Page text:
Review: The first seven installments of the Herdersmat series comprised a vinyl box set. Now this eighth series sees four upcoming techno producers feature on one 12 inch. Dimi Angelis puts a focus on angular Detroit techno with the jittery "Green Aviation". Sciahri from Italy goes harder and heavier with the tough kicks and resonating bass of "Perplexity" and Endlec, who has already released a number of EPs on the label, puts the focus back on abrasive, hard-hitting techno courtesy of "Neurofunk". Tripeo's "Yfur" inhabits a similar space to Dimi Aneglis - but as always, the sense of menace remains thanks to its meaning, eerie synths.
Review: Is Endlec's latest release on Bas Mooy's label a soundtrack for these dark days of global uncertainty? Certainly, "Something More Sinister", with its splintered analogue riffs and hammering rhythm, captures the terrifying mood surrounding regime change in the US, while the heads-down, cyber-techno jack of "Dystopian Heart" and "Population Control" act as warnings of further bad things to come. Despite these somewhat chilling titles, the Greek producer knows how to craft a hypnotic sound. "Consistency & Patience" resounds to a mesmerising, layered rhythm, infested with wild electronic blips and bleeps, while the noisy, siren riff-led "Fight for the Power" is the naked, angry sound of the resistance.
Review: Endlec's second release on Bas Mooy's label is an uncompromising affair. Right from the get-go, the listener is bombarded with intense techno. "Disharmonic Life" is a distorted, jarring affair, while "Force of Nature" sounds like Endlec is dropping iron bars over a rusty drum pattern. Things take a slightly more esoteric turn on "The Substantial One", which could be the producer's gritty take on Jeff Mills' space techno, but soon enough the release swings back towards tougher sounds. The gained filters of "Atitlo" and the Armani-style stomp of "The Sanatorium Age" show that when it comes to tough, peak-time techno, Endlec and Mord have few peers.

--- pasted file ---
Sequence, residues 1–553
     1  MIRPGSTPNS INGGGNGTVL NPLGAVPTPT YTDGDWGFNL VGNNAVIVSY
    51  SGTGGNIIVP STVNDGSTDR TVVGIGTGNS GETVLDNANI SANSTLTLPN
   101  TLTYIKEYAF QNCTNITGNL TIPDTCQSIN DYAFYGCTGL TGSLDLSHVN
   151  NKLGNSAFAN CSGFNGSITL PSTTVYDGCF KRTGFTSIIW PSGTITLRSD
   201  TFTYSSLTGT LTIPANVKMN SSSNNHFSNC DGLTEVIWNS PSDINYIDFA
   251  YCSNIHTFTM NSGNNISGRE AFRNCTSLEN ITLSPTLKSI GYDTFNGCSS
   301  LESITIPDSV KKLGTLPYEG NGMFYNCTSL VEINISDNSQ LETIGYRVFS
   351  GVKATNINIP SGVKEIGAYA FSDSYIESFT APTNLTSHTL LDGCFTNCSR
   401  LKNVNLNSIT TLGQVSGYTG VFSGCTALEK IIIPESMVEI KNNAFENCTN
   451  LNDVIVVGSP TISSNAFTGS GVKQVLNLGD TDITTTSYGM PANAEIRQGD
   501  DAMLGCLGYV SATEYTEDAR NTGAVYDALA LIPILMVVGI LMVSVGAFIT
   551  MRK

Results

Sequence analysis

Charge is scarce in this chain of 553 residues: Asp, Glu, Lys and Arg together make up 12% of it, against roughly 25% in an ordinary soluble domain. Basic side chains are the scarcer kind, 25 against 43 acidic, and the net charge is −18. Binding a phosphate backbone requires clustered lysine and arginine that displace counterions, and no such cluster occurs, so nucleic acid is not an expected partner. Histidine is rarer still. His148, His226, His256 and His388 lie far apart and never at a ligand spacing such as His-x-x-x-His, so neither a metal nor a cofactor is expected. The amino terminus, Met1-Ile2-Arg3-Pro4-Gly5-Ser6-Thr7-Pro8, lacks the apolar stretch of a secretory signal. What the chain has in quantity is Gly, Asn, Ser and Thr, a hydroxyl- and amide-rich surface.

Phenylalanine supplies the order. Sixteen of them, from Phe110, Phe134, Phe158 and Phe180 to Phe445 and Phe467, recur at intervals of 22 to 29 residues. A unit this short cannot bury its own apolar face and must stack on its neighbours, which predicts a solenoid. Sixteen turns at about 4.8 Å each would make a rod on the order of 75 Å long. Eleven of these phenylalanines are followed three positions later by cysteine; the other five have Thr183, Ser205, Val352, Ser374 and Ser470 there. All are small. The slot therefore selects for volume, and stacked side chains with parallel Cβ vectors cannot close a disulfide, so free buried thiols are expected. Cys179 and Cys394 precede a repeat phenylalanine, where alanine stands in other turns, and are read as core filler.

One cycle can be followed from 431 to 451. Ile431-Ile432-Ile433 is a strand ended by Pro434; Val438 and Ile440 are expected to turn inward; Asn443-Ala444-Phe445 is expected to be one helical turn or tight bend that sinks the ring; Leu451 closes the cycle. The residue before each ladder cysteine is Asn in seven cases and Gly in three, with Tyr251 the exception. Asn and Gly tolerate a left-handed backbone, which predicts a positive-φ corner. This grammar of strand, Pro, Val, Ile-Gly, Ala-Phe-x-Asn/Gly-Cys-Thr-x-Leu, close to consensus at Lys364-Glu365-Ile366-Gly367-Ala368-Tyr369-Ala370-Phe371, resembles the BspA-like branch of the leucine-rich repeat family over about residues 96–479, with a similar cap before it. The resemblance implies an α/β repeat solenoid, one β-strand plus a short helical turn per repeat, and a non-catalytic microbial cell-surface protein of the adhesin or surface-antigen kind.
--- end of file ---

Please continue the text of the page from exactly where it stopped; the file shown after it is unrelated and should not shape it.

Review: Greek techno titan Endlec delivers a third record of uncompromising industrial aesthetics and emo-poetics to the newly minted Eternal Damnation label with the very straightforward Here Comes The Techno Assaulter EP. Gothic, hard and heavy, a mass of ritualistic drums, ghoulish atmospheres and lost voices set the scene to the haunted walls of sound of "My Black Romance", with "Living At The Nightmare" pushing upwards into hardcore gabba territory. Alongside the deathly rave of "Ready To Die" there's "I Am Paranoid" to cap a hellish EP of horrific armageddon.
Review: The latest release on Arnaud Le Texier's label sees Endlec partner up with newcomer Euskalraver for some devastating results. First up it's Endlec; "Cyclo" is a pulsing techno groove daubed in layers of grimy textures, while on "Nycto", he goes for a more extreme approach; the drums and rhythm are more abrasive and visceral, with rusty acid globules dripping over these backing elements. Despite it being Euskalraver's debut outing, he impresses greatly; "Offset Mode" is a hypnotic, tunnelling track in the finest Sandwell District fashion, while "Unestable Motion" is a bleep-heavy groove, the 303s bubbling over robotic drums.
Review: This is Mord's most ambitious venture to date, with a box set of seven records laying out the Dutch imprint's tough techno agenda. Regulars like UVB and Radial set the tone, with the former dropping brutish kicks and jarring riffs on "Someone Calling Cut" and Radial veering into a pumping direction on "Cru".Label owner Bas Mooy moves the compilation towards a more streamlined approach with the dense, linear Klockworks-like "Owl In Daylight", but Herdersmat also shows that the label has succeeded in attracting some heavyweight international talent; Eomac's "Phisk" is a disorienting rave-flecked stepper and Sleeparchive drops the bleep-heavy bomb that is "Evicted".